The thesis is the Church of yesterday, founded on its dogma; the antitheses are the "values which are most highly prized today"; the synthesis is a "new balance" between the two: "And so mankind substitutes a dynamic and more evolutionary concept of nature for a static one, and the result is an immense series of new problems calling for a new endeavor of analysis and synthesis. (Gaudium et spes, 5, 3)"

And the synthesis is expressed by the following passage of the Conciliar texts: "In that light the Council intends first of all to assess those values which are most highly prized today and to relate them to their divine source" because they are "exceedingly good" and "need to be set right. (Vatican II, Gaudium et spes, 11,2)" "The problem of the 1960s," Cardinal Ratzinger explains, "was to acquire the best values expressed by two centuries of liberal culture. These values, although born outside the Church, may have a place if they are amended and corrected in the Church's vision of the world. ("Why the Faith is in Crisis," the Italian review Jesus, November 1984)" "And what has been done," he adds, is the work of the Council; but he confesses that the "new balance" that was sought has not yet been found: "We would like Christianity's fundamental values and the liberal values which dominate today's world to find a meeting point that they may be reciprocally fertile. (Ratzinger, Le Monde, November 17,1992)" "An adulterous union," Msgr. Lefebvre called it in 1988.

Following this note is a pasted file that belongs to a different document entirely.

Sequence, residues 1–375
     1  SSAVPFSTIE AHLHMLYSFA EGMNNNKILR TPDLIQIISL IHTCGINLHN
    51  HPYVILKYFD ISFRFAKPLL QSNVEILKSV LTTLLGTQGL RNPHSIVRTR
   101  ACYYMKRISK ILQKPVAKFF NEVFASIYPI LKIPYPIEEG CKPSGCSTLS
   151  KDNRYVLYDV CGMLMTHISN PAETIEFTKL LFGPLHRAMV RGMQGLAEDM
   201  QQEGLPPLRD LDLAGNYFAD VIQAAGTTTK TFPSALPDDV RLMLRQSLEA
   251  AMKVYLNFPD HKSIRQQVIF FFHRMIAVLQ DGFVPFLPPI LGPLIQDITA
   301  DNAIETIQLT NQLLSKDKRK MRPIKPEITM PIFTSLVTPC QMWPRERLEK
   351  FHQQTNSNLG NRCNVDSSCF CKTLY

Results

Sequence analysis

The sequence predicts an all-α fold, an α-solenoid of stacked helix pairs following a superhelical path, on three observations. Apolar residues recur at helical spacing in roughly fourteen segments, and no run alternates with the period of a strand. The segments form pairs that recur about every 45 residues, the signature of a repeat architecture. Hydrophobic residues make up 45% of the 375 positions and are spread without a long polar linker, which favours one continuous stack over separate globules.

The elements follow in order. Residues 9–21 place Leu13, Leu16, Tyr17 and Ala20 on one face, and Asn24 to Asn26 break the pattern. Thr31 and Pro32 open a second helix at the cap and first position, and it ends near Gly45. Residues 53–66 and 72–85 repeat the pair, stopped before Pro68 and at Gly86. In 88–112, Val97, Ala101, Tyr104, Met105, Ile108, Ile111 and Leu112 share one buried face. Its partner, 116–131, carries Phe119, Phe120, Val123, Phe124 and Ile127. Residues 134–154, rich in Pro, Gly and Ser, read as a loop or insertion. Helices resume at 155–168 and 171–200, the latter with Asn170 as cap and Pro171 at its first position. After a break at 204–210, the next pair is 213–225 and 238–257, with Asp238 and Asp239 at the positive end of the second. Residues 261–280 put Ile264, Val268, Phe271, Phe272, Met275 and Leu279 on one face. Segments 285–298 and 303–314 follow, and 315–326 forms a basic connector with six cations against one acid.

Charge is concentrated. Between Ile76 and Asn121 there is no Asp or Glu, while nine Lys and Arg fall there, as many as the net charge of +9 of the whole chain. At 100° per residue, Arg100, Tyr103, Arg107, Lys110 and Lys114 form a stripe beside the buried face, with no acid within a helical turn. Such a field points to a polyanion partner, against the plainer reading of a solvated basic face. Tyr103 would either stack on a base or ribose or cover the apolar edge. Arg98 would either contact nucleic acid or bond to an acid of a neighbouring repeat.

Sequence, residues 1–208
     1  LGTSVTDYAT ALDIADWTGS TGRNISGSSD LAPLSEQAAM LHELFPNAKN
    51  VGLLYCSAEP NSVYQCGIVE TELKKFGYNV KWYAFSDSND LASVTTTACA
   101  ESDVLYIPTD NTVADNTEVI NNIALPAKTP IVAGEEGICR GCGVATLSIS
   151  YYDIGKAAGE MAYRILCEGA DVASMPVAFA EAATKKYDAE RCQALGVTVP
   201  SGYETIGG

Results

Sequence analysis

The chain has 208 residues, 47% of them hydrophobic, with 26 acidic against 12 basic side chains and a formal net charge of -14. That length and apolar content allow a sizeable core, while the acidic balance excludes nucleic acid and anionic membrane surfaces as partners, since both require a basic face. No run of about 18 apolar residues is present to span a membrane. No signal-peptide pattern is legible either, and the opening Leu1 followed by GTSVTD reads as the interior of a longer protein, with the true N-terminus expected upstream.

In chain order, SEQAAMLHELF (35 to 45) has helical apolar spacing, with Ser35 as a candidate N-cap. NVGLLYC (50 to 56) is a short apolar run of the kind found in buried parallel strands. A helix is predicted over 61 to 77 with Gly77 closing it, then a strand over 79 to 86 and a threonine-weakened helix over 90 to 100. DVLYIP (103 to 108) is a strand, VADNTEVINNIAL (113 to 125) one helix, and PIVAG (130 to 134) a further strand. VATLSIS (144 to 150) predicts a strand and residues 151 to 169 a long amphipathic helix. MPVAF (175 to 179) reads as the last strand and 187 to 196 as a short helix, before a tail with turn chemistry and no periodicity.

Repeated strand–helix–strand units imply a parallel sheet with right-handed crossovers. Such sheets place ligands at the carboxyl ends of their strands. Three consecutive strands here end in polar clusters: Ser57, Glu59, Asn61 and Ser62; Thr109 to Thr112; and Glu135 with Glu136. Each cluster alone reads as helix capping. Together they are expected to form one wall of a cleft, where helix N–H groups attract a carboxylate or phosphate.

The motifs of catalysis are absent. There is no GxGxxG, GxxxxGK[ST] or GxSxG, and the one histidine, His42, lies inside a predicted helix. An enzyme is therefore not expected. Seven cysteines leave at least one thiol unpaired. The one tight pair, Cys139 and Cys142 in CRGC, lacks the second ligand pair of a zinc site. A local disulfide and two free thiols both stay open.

Catholics in Surrender! <<First article


Courtesy of the Angelus Press, Kansas City, MO 64109
translated from the Italian
Fr. Du Chalard
Via Madonna degli Angeli, 14
Italia 00049 Velletri (Roma)